Search Internet
Develop Units
Evaluate Lessons
Use e-mail and etc.
Reflection Blogs/Journals
NS = nonsignificant

Blogging Transcripts: Participation, Content, and Quality

Participation rates. The participation in blogging during the time of this study was completely voluntary. The quality of teachers’ posted messages was not part of the evaluation of training performance, nor were the teachers awarded any extra credit. As mentioned earlier, the blogging assignments were open ended; all could blog freely about themselves, their concerns, questions, successes, failures, and needs. Teachers were also encouraged to respond to or comment on each others’ blogs. Table 3 reports the participation rates of blogging by TAMU faculty and staff, community college faculty, mentor teachers, and intern/induction-year teachers.

The results indicate that although the participation rates for each category of participants are high considering that blogging was only a voluntary activity during the project, fewer participants commented on the blogs posted by others. In other words, although blogging enables a person to publish online journals as well as work in teams interactively, the second feature of blogging was not as frequently used as the first one. Another concern raised by the results of the participation rates is that among all types of participants, alternative certification teachers’ participation rate was the lowest, and their participation was much less interactive than that of the other types of participants.

Table 3
Participation Rate of Blogging by Types of Participants

Total ParticipantsBlogging (%)Comments (%)
PLC-MAP Faculty/staff (n = 3)100 (n = 3)100 (n = 3)
Participants (n = 38)87 (= 33)29 (n = 11)
Community College Faculty (n = 9)100 (n = 9)56 (n = 5)
Mentor Teachers (= 11)82 (n = 9)36 (n = 4)
Alternative Certification Teachers (n = 15)80 (n = 12)13 (n = 2)

Quantity of blogging. Similar to the results on the participation rates, alternative certification teachers and mentor teachers posted significantly fewer messages than their university and community college counterparts. However, the average lengths of posting for the intern and mentor teachers were as long as that for the community college faculty members. The average length of blogging by the TAMU faculty members and graduate student is the shortest among all types of bloggers. This most likely is due to  these three people playing primarily a moderating role during blogging. Table 4 summarizes the total and average numbers of postings and total and average lengths of blogs by each type of participants.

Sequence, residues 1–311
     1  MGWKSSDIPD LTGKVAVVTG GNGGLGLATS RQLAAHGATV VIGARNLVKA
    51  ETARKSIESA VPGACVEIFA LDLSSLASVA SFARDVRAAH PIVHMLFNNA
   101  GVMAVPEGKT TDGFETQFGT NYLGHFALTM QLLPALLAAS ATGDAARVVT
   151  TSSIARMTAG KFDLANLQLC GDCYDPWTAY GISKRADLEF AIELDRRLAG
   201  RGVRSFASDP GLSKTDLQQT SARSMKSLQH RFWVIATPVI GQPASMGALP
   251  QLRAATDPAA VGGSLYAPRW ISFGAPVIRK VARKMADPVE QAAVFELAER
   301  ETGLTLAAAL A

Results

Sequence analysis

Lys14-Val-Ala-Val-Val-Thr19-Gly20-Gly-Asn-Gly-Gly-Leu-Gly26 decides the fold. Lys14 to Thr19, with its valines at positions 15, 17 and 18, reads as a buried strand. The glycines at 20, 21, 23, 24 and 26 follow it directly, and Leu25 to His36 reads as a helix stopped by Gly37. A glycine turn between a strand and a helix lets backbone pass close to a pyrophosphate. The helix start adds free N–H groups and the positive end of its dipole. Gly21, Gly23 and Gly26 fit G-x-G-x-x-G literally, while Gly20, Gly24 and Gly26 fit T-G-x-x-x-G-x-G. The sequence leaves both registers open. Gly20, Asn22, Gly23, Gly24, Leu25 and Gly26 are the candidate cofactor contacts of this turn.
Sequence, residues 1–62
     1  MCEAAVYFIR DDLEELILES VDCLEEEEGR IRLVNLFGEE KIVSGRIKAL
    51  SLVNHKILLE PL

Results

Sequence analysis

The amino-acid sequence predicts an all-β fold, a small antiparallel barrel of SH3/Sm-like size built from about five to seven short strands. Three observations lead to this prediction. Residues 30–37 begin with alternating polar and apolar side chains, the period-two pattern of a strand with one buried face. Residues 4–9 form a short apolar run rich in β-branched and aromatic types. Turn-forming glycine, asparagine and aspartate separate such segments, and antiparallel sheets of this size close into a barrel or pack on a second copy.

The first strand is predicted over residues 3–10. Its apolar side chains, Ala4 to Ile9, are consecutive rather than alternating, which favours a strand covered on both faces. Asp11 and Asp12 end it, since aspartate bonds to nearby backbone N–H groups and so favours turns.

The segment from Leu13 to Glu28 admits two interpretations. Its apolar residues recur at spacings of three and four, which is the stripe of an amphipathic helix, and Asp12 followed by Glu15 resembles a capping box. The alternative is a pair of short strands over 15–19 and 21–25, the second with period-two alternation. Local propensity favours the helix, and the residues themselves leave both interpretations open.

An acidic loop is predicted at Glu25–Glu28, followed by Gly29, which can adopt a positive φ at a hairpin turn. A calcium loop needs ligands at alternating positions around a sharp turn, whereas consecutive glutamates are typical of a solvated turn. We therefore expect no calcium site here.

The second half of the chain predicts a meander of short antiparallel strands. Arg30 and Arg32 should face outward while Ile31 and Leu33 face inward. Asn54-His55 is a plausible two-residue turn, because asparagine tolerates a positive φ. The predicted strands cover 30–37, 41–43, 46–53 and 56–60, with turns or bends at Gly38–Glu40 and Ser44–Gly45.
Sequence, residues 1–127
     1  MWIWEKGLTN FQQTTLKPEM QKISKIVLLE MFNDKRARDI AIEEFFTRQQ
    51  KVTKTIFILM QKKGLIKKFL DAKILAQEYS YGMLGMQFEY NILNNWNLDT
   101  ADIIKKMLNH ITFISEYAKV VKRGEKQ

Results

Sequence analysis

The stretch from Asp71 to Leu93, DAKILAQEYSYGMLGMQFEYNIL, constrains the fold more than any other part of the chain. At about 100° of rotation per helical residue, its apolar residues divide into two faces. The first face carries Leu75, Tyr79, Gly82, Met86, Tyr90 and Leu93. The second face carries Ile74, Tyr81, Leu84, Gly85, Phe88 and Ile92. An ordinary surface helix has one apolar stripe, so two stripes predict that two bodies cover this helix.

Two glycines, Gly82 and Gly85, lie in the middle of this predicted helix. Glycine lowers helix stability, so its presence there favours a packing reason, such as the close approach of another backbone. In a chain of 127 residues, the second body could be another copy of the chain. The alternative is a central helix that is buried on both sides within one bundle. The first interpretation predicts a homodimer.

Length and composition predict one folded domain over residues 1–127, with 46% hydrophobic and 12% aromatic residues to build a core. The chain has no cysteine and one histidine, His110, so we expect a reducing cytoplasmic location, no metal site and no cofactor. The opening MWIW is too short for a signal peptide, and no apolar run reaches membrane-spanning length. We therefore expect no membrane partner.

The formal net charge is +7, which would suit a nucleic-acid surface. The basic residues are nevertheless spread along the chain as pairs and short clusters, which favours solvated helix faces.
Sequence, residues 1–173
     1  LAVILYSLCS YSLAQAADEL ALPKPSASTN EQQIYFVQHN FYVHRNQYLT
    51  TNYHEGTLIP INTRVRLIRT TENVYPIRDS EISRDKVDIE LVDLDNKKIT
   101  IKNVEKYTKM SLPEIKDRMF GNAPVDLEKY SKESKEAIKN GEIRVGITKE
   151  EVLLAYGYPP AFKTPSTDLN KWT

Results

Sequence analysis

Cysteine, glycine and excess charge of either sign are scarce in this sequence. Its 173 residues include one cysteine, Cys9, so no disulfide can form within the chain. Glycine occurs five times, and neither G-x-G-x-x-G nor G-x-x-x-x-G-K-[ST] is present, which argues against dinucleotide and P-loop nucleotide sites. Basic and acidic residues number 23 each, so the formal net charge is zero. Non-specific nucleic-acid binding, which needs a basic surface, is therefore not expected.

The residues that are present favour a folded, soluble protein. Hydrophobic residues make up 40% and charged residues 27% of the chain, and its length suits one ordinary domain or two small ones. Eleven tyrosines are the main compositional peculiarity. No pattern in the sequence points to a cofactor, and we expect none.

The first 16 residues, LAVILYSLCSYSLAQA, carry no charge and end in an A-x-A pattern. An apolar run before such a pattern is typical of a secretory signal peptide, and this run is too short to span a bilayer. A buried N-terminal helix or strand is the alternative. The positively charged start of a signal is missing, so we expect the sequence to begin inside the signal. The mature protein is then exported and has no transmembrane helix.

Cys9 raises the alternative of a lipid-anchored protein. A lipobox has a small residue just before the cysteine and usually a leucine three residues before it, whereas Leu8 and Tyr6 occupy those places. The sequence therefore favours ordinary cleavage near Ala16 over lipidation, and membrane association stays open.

Table 4
Quantities and Lengths of Blogs


Total No. 
Avg. No. [a]
Total Length
(in Words)
Avg. Length[a]
(in Words)
All Bloggers (= 33)1564.721,454137.5
PLC-MAP Faculty/staff (n = 3)6120..36,00898.5
Community College Faculty (n = 9)465.17,717167.8
Mentor Teachers (n = 9)192.13,014158.6
Alternative Certification Teachers (n =12)262.24,149159.6
[a]Avg. number is calculated by dividing Total number of blogging by the number of bloggers in each category. Avg. length is calculated by dividing Total Length by Total number of blogging in each category.


Content of blogging. The analysis of the content of the blogs based on O’Neill’s (2001) model of dialogue moves shows that the majority of the participants’ blogs were related to (a) the Tusnami/Earthquake project (29.2%), a topic intensively presented during the seminars, (b) self-introduction (25.5%), (c), sharing lessons and resources (15.8%), and (d) reflecting on teaching practices (13.1%).  On the other hand, the majority of the blogs produced by the TAMU faculty members and graduate student concerned (a) offering reflections (21.5%), (b) providing suggestions/advice (18.3%), (c) sharing lessons and resources (14.1%), and (d) giving compliments and encouragement (11.4%). For most of the categories, participants’ blogs were much longer than those of the moderators except for answering questions and for providing suggestions or advice and compliments, encouragement, and thanks. Thus, the TAMU moderators successfully performed a facilitating role and did not dominate or intrude the conversations.

Table 5 summarizes the results regarding the content or the focuses of the blogs. The appendix contains a list of Web resources for middle and high school science and mathematics teachers generated by the PLC-MAP project blogging transcripts.

Table 5
Percentage of Total Blog Text Occupied by Dialogue Moves (O’Neill, 2001)

table 5